Iconic Cars

Some of the most influential cars that Britain has ever produced

AC Cobra

AC Cobra Image

The AC Cobra had a very unusual beginning. It had an unusual ending too. After being a commercial failure it went on to be the most copied car in history!

The American Carrol Shelby had a very chequered career, which included being a chicken farmer, a World War II flight instructor and test pilot, an oil well worker and then a racing driver. He was very successful at this, setting up several international speed records along the way. He had a burning ambition; to create the ultimate racing car.

He reckoned that that many European cars had superb bodywork but lacked engine power. Conversely, American engines tended to be big and powerful, but the cars themselves were too heavy and simply didn't steer and handle as well as he wanted them to. He concludes that a marriage between an American V8 and a lightweight European body would give maximum performance both in power and handling.

Unfortunately, it takes a huge fortune to start manufacturing cars. So, he decided to look around for a suitable ready made body and an equally ready-made engine.

AC at the time was manufacturing their successful AC Ace, which was equipped with a six cylinder engine, but it was starting to come to the end of it's time. He asked them if they would modify the bodywork to take a V8 engine; they agreed provided that he could find a suitable one.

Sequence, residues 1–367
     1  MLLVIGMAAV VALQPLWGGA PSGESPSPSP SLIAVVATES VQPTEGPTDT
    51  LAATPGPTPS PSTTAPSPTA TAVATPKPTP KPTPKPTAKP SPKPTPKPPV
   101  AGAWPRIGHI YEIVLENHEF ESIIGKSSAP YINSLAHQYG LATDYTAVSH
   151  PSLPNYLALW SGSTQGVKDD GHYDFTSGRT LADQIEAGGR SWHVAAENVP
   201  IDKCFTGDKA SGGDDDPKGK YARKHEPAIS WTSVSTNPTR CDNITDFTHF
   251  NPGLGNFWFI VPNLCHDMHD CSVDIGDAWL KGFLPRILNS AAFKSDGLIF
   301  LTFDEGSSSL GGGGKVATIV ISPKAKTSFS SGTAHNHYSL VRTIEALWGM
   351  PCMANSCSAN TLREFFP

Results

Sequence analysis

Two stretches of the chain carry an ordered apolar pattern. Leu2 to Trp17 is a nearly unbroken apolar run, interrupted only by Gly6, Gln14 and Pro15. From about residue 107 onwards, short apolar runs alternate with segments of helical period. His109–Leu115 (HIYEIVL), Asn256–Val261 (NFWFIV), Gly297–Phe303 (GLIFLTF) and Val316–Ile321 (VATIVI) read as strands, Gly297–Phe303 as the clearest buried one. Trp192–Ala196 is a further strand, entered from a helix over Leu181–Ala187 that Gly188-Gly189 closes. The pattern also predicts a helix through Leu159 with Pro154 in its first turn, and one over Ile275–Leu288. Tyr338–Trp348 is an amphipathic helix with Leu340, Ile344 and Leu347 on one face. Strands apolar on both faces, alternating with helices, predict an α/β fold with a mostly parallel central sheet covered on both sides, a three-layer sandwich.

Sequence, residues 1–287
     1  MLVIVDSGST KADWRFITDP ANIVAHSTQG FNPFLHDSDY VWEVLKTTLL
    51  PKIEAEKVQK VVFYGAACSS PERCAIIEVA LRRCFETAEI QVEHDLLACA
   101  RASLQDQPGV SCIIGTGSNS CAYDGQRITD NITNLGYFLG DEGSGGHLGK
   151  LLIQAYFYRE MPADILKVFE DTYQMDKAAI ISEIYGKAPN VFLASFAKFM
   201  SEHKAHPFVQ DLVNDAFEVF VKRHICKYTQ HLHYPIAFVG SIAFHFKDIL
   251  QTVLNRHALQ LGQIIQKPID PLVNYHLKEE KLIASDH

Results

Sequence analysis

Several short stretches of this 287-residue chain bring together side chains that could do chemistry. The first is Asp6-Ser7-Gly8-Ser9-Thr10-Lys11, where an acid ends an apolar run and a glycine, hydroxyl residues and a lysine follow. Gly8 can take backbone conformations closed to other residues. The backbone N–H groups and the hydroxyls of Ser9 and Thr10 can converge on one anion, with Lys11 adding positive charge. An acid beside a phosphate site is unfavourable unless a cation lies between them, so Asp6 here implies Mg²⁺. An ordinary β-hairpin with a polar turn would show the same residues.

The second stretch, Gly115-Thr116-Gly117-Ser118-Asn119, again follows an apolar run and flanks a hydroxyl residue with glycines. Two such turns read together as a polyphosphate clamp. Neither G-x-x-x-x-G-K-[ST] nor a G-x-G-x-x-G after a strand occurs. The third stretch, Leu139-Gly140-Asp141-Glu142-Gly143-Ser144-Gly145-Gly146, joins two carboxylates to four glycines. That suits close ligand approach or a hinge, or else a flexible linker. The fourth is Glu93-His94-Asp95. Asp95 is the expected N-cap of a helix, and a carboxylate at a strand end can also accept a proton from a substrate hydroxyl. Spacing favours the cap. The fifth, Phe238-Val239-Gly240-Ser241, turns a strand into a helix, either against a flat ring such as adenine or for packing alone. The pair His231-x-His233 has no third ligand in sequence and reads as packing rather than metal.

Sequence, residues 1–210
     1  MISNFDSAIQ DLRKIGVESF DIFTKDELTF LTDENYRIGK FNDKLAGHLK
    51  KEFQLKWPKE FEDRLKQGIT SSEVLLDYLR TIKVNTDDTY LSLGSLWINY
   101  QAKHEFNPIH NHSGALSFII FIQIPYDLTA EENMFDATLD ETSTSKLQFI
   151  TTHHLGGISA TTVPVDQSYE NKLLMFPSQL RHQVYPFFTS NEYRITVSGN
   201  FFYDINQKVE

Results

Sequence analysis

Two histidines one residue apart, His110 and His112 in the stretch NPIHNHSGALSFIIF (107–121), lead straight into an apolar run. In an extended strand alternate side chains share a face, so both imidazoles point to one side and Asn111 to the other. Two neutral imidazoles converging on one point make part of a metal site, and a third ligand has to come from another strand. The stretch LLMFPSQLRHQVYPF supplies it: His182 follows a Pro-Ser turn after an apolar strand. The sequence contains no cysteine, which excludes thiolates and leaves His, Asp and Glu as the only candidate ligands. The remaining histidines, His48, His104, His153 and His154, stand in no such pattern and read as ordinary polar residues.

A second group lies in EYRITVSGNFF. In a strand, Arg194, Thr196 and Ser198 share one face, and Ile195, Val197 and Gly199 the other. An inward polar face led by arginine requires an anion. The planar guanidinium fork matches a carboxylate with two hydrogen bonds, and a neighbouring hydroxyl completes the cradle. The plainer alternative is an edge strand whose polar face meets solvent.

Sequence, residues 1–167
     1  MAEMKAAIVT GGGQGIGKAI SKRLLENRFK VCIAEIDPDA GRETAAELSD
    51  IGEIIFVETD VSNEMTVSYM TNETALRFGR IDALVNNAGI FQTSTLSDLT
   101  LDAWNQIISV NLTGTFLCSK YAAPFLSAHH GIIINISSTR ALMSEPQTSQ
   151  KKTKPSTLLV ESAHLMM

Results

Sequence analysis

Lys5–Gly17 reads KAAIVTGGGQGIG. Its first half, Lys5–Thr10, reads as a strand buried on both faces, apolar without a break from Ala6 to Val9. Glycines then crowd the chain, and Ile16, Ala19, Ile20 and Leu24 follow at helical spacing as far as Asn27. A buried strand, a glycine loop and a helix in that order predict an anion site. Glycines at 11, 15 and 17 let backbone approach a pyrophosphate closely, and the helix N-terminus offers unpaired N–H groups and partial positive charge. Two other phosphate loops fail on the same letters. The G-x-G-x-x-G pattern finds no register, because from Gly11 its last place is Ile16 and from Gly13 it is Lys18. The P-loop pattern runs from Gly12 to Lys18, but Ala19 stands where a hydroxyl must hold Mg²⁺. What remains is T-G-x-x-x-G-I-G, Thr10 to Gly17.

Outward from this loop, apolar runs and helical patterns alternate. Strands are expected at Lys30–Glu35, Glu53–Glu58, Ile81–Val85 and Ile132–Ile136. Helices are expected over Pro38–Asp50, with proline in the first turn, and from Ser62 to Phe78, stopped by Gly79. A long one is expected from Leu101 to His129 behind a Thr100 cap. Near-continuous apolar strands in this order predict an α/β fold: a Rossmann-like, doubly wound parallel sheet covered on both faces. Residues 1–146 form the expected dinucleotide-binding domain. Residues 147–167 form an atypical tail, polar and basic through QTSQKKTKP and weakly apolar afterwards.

He first approached Austin Healey; they were not interested. Chevrolet was his next port of call; but they didn't fancy anyone creating a rival to their Corvette. He finally had more success with Ford; as true businessmen they would be quite happy about helping a successful Chevrolet Corvette competitor, whilst also selling a few engines; and they had a brand new lightweight 3.6 litre (later to grow to 4.3 litre) V8 to sell. The marriage was made.

Between 1962 and 1967 AC shipped the cars, less engines and gearboxes, over to Shelby's factory in California, where the Ford engines and transmission were fitted. They were not spectacularly successful in racing, but the car's profile was given a huge boost when a pop group, the Rip Chords, issued a record called Hey Little Cobra (you can listen to a recording of it here!

Despite numerous improvements, including the 1965 introduction of a seven litre variant, it was not a huge commercial success. AC themselves continued producing a few until 1969, but by then popularity had waned and they turned their attention to other projects.

That was certainly not the end of it though.

The Cobra was undeniably a beautiful and powerful car. It was also pretty easy car to replicate, since the bodywork had been designed to take as large a number of different powerful engines as possible. It was not long before there were far more replicas on the market than originals; of which less than 1000 have been sold. More than that number are believed to be made in replica form every year now, and finding a genuine Carroll or AC Cobra is a very difficult task indeed!

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